Setting The Scene: UK Locations Featured In Films
Some of the most striking scenes in the Harry Potter films relied not on fantastical creatures, but on fantastic locations in Britain: the Hogwarts Express chugging along the Glenfinnan Viaduct in Scotland, or the Death Eaters tearing up the slender scimitar of London’s Millennium Bridge. With JK Rowling’s wizarding world relocating to New York for Fantastic Beasts and Where to Find Them, Britain is out of the picture, right? Wrong. Some of the most spectacular scenes were actually filmed in the grand arts venue of St George’s Hall in Liverpool.
Many of the places you have seen on screen and assumed were dreamed up in CGI or made by set-dressers are real, and places you can visit. Outside London lies a land of spectacular landscapes, stately homes and fairytale castles. Taking just films that were released in the past few months, or are due out soon, the Lake District seen in Swallows and Amazons stands out as an idyllic place of tranquil beauty. (In fact, its lakes and mountains were also swooped over by TIE Fighters in Star Wars: The Force Awakens.)
Just a three-hour train journey from London, Lake District locations from the film include Derwentwater, with its eight-mile walk round the lake – it has a spectacular viewing point, Friar’s Crag. Coniston Water, the main location used in the original book, with its pretty town overlooked by the imposing Old Man of Coniston, has a popular walk passing through old quarry workings with views over the lake. However, you’ll search in vain here for the fictional Wild Cat Island. That’s actually Plumpton Rocks in North Yorkshire, one of Britain’s finest 18th-century landscapes, which has recently undergone a three-year, £700,000 restoration. You can also see fantastical landscapes in Guy Ritchie’s reboot of the King Arthur myth, out in May.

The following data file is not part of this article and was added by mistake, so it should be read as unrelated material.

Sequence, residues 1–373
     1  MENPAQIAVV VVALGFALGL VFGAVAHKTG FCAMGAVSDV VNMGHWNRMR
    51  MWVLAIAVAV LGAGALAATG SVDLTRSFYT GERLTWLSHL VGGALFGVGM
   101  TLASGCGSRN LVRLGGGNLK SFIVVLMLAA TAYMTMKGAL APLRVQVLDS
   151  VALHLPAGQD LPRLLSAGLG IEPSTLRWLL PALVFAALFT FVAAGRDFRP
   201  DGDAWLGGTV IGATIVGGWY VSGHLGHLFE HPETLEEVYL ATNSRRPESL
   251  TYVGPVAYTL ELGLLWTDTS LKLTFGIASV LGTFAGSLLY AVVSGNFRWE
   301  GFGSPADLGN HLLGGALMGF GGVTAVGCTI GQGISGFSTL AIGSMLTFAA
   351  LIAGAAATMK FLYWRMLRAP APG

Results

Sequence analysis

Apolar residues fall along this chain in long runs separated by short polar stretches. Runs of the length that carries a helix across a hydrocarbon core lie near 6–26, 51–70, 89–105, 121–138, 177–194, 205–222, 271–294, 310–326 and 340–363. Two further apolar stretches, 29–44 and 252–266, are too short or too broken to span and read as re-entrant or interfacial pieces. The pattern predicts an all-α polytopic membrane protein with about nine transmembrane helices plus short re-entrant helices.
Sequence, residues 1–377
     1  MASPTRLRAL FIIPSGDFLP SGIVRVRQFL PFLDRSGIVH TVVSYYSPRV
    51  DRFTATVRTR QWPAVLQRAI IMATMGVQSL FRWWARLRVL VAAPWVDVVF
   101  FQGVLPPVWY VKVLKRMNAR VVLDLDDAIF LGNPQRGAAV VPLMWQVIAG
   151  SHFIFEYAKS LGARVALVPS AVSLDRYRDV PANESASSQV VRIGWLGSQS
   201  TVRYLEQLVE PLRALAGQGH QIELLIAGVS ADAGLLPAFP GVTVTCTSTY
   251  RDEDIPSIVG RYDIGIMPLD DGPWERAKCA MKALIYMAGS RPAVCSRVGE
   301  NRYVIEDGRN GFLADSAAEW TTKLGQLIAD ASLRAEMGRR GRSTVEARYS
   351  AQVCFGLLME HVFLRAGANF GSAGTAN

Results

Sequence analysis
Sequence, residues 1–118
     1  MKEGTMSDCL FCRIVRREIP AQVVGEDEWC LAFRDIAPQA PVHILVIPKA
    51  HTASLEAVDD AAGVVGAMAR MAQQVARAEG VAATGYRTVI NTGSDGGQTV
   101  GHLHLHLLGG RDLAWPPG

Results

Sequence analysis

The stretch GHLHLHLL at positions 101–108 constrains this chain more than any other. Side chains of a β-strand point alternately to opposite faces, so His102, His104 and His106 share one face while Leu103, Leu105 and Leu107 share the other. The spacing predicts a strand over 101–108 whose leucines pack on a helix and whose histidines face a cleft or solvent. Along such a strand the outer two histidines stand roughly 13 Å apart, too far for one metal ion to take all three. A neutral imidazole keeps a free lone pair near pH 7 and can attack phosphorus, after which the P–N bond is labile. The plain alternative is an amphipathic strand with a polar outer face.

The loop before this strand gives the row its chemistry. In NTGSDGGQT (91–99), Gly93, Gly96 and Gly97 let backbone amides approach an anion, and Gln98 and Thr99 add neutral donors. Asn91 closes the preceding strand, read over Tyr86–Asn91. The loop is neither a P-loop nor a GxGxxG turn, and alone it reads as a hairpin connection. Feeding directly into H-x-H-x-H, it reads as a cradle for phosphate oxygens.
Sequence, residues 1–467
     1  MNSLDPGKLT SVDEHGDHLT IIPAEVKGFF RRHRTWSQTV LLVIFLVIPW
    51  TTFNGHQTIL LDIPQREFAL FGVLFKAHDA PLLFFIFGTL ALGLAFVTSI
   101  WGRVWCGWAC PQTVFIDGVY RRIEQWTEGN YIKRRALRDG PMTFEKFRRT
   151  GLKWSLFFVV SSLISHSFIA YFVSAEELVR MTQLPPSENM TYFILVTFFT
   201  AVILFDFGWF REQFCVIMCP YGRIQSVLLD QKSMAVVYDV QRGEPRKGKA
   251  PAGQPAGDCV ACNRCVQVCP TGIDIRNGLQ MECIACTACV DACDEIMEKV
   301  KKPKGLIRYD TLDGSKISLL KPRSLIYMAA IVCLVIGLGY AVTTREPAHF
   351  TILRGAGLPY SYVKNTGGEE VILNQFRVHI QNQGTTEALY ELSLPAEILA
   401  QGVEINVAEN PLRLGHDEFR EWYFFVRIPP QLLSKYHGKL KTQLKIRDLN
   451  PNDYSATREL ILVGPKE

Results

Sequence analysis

In real life, North Cornwall is home to a number of locations associated with the legend. Chief among them are the atmospheric ruins of Tintagel Castle, said to have been built on the site of a previous castle that was Arthur’s birthplace. You can visit Merlin’s Cave nearby, too. The new film makes spectacular use of mountainous Snowdonia, in North Wales; locations include the Nant Gwynant area near Beddgelert; the little town of Capel Curig; the rugged crags of Tryfan; and Vivian Quarry near Llanberis, with its sheer rock face plunging into a deep lake popular with scuba divers. Other mountainous scenes were filmed in the even wilder and more remote Scottish Highlands, as well as on the Isle of Skye off the northwest coast.
In a more accessible part of Scotland is Edinburgh, just four hours by train from London. T2: Trainspotting, the recently released sequel to the 1996 cult comedy, might not sound like the best advertisement for the city, continuing as it does the misadventures of a group of junkies, pub brawlers and other loveable rogues, but Edinburgh’s almost other-worldly beauty shines through. The scene in which they climb up to Arthur’s Seat, a viewpoint overlooking the city is mesmerising. Other scenes include the modern Scottish Parliament building, and the central Princes Street. Scotland also features heavily in The Crown, Netflix’s sumptuous £100 million series about The Queen’s early life. The Queen’s favourite home, Balmoral, was not available, so Ardverikie House stands in for it. Balmoral’s grounds and gardens are, however, open to the public between April and July. Slains Castle, now semi-ruined and used as an inspiration by Bram Stoker for Dracula, stands in for the Castle of Mey, with the popular sands of nearby Cruden Bay used in place of Castle of Mey’s beach.
As for the scene in which the young Elizabeth walks down the aisle of majestic Westminster Abbey, you can truly see why this is one of the most popular tourist attractions in London. Except for one thing: this scene was actually filmed in Ely Cathedral, in Cambridgeshire – it is well worth a visit. It’s not the first time Ely has impersonated Westminster on film, either: it did the same in The King’s Speech. The fairytale palace in Disney’s live-action remake of Beauty and the Beast, which stars Emma Watson and opens this month, was created in Shepperton Studios. Fans can still visit Winterfold Hill and the Hurtwood, within the Surrey Hills, an Area of Outstanding Natural Beauty, where some scenes were shot. A circular walk of 4.5 miles takes in pine woods, ponds and heathland, with stunning views from the top of the hill. That’s a wrap!